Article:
For Streamers, The “Livestream Fail” Subreddit Is A Blessing And A Curse

It’s no secret that fans can’t catch every broadcast from their favorite streamers – the task would be overwhelming to say the least. Unsurprisingly, the internet quickly created a solution to this issue: the “Livestream Fail” Reddit community. As the title suggests, the subreddit started as a way to keep track of unfortunate streamer moments, but after some time, it evolved into haven for any type of notable livestream clip. It saves time and effort for livestream lovers – it’s efficient and convenient! However, the Livestream Fail subreddit (known as “LSF” for short) developed an interesting ecosystem and culture of its own.

There are armies of small, talented streamers lying dormant on streaming platforms. They stream every day, they put effort into their channels, their content is entertaining – sometimes the only thing that these personalities need is a lucky break. The good news is that LSF has become a great avenue to for the masses to learn about new streamers.

Cases like this can frequently be found on the subreddit. One recent example when small streamer “nicguru” was upvoted for a baking a 13 layer cake to celebrate reaching a modest 13 subscriber count.

Another wholesome clip that did well on the page was that of “salmonboyyy.” After being raided by Mizkif, he proceeded to have a ridiculous dance session for the next 30 minutes straight. Most examples won’t lead small streamers to permanent success, but getting a boost in followers and a moment in the spotlight can be very encouraging.

Justice For Misdeeds

Another fantastic thing about the subreddit is that it exposes evil and abuse quickly. LSF has grown so large that it can easily gather large juries to help expose misdeeds. The easiest example is, of course, Alinity’s questionable behavior towards her pets. Animal abuse is witnessed on stream more than it should be, but luckily LSF serves as a hub for these clips to be brought to light. With enough virality, punishment by higher authorities (or at least by the streaming platform’s staff) is often the end result.

LSF also has a history with promptly documenting suspicious situations. Even if a stream is taken offline or a channel is deleted, moderators will archive clips on third party sites. One of the most famous instances of LSF quickly popularizing a potentially dangerous situation is when Erobb and Esfand confronted a phone thief. If more people witness someone behind a camera in a precarious situation, the odds of someone assisting (if needed) is higher.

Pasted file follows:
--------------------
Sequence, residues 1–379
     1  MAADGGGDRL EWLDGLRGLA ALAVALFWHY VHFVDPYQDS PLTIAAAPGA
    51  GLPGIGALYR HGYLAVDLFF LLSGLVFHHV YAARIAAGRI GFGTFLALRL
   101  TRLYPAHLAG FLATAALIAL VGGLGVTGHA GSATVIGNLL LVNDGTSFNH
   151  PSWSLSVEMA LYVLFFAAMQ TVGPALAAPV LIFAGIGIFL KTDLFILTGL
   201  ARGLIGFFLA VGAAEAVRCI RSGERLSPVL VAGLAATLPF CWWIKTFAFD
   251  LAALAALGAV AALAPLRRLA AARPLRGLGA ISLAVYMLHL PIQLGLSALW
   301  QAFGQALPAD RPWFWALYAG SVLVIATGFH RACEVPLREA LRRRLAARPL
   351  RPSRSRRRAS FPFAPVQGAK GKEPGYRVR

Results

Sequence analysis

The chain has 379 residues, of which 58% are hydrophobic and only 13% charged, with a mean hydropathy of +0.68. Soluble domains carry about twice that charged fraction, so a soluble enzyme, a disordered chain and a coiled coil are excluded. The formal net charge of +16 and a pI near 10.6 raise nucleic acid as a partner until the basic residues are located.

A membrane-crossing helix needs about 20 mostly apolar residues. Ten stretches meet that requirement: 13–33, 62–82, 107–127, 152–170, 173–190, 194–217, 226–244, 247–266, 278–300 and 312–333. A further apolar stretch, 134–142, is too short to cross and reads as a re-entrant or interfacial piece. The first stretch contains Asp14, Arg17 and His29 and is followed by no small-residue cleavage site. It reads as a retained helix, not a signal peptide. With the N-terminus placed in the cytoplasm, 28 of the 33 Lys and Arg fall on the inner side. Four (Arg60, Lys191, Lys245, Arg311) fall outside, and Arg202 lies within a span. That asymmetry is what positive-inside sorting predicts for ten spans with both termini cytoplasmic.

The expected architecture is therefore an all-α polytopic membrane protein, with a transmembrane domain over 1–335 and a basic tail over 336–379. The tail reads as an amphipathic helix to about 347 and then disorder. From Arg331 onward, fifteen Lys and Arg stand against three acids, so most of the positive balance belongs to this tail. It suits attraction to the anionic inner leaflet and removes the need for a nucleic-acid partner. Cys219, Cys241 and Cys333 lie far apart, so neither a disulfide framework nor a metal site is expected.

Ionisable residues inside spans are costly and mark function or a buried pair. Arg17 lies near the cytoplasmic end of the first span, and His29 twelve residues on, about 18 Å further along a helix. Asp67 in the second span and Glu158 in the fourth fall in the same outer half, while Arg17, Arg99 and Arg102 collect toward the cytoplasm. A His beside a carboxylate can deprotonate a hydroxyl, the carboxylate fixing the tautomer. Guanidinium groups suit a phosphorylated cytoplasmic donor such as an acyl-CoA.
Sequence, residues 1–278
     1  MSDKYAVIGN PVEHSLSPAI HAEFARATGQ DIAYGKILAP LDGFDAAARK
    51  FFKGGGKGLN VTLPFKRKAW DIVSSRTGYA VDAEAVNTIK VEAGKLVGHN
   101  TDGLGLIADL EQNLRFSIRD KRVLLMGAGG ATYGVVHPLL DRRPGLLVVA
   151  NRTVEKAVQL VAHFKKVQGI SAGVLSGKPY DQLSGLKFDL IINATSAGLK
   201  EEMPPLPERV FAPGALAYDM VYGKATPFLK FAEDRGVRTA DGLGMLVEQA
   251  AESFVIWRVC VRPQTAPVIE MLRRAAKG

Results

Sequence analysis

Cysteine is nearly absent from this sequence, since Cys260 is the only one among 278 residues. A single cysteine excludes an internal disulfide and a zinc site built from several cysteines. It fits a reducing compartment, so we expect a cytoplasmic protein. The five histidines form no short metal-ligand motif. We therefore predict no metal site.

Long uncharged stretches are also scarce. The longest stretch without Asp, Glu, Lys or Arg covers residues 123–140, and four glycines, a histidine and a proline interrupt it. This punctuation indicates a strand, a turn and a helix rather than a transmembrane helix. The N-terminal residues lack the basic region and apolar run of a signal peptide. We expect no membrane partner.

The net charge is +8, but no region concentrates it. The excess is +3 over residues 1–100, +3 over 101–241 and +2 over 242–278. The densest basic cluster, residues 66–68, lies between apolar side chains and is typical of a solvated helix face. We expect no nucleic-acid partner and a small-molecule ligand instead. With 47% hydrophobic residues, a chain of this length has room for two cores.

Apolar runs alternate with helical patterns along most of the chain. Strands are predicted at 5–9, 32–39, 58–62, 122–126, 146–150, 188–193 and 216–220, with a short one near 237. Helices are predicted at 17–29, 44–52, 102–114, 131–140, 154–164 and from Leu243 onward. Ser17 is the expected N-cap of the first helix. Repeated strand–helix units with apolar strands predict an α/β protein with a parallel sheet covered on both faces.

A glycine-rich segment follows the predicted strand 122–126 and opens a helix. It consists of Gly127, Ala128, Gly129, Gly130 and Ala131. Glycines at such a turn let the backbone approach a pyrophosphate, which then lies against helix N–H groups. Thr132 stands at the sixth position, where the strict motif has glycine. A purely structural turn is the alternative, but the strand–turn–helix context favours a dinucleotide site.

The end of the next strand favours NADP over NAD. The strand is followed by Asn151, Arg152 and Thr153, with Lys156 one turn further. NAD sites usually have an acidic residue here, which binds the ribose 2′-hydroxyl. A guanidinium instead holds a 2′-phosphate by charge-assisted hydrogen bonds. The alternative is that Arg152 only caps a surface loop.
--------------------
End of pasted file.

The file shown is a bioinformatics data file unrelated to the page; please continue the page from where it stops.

Lastly, LSF morphed into a space that holds Twitch (and its competitors) to a high standard. Personalities that don’t make these platforms much money tend to be more vulnerable to questionable bans. The solution? Public outrage.

If someone is suspended – many times unfairly – the subreddit serves as a witness, holding staff responsible when hypocrisy or double standards arise.

Misinformation And Groupthink

LSF has a dark side as well, unfortunately. While its users are eager to bring justice to livestream platform inequalities, its community has a reputation for overplaying drama. Groupthink and negative feedback loops are an issue. Many Redditors will purposely exaggerate drama in order to “farm karma” on LSF, even if it means intentionally misrepresenting someone.

Misinformation and false impressions are easy to buy into, because LSF only showcases snippets. Without context, assumptions are never in short supply and confirmation bias runs rampant. Streamers are well-aware of this phenomenon; Recently, Mizkif humorously mocked the subreddit for this exact tendency.

Another unfortunate side-effect of LSF is how it brings more attention to things that would be better left alone. The best example of this is when SweetAnita, a Twitch streamer with severe Tourette Syndrome, tic’d the n-word while live on Twitch. Redditors clipped this and voted it up on LSF, causing Anita to receive a wave of uneducated backlash. People who both understand TS and know Anita were quick to defend her, thankfully, but it didn’t stop the “mob mentality” from taking effect.

Self-promotion has also become an issue. Dreaming of fame, some Redditors will fabricate submissions in attempts to boost their own streaming channels. One of the most recent cases of shameless clout-chasing was exposed thanks to some leaked Discord DMs.

All-in-all, the Livestream Fail subreddit is a blessing and a curse for streamers. There are plenty of wonderful upsides to the subreddit; Yet, unfortunately, negative symptoms are just as common. Either way, LSF seems to be here to stay. As time passes, hopefully users become increasingly aware of the negative tendencies associated with the page, while actively reinforcing the positives.

Sources: Reddit, Twitch

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